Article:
Typically, a major corporation with a charitable-giving program makes clear how much is given, how to apply, and who is in charge. Take Citibank, which puts everything online: Its foundation gave $65.8 million in 2009; its grants are made "by invitation only," but the guidelines for those grants are nevertheless online, as are lists of its staff and board of directors. Amazon, by contrast, has only a list of its literary grant recipients that omits financial information that Citibank makes clear; a simple form to "nominate" a literary nonprofit for an unspecified amount, using no more than 50 words in the description, is a far cry from the long application form and process Citibank details.
In March 2009, Amazon's charitable-giving program -- such as it was -- came under scrutiny from Seattle's The Stranger and from Slate, which wrote, "there are lemonade stands that donate more to charity than Amazon.com does." At the time, the company had, to all appearances, made zero charitable donations, despite having announced 2008 revenues of $19.17 billion, with $645 million in profit.
Since those concerns were raised, Amazon's charitable giving to literary organizations has surfaced. Its current giving page lists 31 literary nonprofits that have received grants (although it does fail to include when the grants were made, or for how much). Many of the grant recipients have been serving their communities for decades -- the 92nd Street Y in New York, Minneapolis' The Loft, the Seattle Arts and Lectures series. None of the 31 organizations, which have long records of finding charitable support for their efforts, has raised Johnson's concerns about Amazon as a funder.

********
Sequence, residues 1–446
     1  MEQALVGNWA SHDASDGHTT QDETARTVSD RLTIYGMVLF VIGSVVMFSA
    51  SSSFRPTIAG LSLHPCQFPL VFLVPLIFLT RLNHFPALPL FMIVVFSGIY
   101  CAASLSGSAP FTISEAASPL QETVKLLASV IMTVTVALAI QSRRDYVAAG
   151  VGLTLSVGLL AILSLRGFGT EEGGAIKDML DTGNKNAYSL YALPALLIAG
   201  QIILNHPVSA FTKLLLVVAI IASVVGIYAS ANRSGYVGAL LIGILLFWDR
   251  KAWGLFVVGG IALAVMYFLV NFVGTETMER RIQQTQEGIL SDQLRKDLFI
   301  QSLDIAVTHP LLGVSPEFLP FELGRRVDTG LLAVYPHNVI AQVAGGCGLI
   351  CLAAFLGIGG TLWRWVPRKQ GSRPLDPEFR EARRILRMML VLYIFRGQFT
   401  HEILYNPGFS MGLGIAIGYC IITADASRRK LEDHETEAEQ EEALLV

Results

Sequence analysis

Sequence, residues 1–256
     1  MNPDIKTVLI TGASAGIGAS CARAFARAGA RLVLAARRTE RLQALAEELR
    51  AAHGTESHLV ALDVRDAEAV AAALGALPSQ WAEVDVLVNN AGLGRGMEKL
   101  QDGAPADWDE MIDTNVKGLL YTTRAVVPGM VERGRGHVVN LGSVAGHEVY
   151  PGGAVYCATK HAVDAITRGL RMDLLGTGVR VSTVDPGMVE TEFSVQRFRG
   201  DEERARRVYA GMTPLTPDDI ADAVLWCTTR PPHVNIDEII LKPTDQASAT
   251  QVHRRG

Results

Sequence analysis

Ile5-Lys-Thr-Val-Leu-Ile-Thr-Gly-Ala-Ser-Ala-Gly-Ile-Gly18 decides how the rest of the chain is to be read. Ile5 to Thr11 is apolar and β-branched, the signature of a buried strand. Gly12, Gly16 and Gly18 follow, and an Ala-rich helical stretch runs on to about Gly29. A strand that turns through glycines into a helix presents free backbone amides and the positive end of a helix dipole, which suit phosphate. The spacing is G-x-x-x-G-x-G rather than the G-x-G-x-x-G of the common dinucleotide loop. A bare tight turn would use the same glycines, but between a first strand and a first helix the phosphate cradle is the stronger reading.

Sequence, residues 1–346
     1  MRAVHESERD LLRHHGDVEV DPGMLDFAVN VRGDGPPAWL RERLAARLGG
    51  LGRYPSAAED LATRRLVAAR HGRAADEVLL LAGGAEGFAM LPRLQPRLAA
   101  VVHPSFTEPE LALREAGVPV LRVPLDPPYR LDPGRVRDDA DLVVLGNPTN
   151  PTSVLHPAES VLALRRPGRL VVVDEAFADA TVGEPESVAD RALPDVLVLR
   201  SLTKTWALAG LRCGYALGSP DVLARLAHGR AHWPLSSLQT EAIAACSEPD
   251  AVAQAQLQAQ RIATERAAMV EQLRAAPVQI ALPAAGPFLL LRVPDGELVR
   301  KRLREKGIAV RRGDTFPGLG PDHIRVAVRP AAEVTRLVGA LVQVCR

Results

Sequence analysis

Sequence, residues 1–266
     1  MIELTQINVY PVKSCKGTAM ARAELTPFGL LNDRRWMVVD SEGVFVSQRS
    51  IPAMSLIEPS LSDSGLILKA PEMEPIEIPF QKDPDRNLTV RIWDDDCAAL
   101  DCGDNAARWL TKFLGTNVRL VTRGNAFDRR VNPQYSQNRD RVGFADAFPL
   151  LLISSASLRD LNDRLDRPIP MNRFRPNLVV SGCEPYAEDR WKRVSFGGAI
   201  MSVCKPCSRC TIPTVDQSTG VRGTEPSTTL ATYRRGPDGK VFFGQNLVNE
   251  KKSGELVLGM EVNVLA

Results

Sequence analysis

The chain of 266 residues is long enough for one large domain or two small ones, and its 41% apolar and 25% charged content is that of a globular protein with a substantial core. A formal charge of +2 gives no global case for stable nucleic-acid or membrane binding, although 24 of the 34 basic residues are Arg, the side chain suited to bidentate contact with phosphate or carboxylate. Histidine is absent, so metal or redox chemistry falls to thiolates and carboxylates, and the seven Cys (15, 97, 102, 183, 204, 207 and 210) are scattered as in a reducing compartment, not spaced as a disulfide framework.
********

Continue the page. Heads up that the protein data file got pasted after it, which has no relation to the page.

In boycotting the Best Translated Book Awards, Melville House, a dedicated publisher of works in translation, appears to deny the authors and the translators of his books the chance to benefit from Amazon's largess. If Amazon's charitable giving is somehow suspect, if the lack of transparency or the company's history do imply a nefarious self-interest, should any organization that accepts Amazon's funds be boycotted as well? Would Melville House discourage its authors from appearances at any of those reading centers, or from other beneficiaries -- the AWP conference, run by the Association of Writers and Writing Programs, or the PEN American Center?
And what about looking at it purely from the recipients' side. Could a translator of a novel published in, say, Estonia really be destroying book culture by accepting a $5,000 grant for their work from Open Letter, the University of Rochester and Three Percent, which present the 4-year-old Best Translated Book Awards?
In fact, Open Letter's Chad Post says authors and translators of books published by Melville House won't be ruled out. "[P]anelists are reading and evaluating all titles that were published in the previous year. There is no fee for submissions, and any original translation published in the past year is eligible," he told The Times. "If, in the future, a Melville House title is selected for the award, it will be up to Melville House and their authors and translators to decide whether or not to accept the prize money."
Although Johnson is focused on one '70s mantra, "follow the money," some may remember another anthem from the era: "Take the Money and Run."
-- Carolyn Kellogg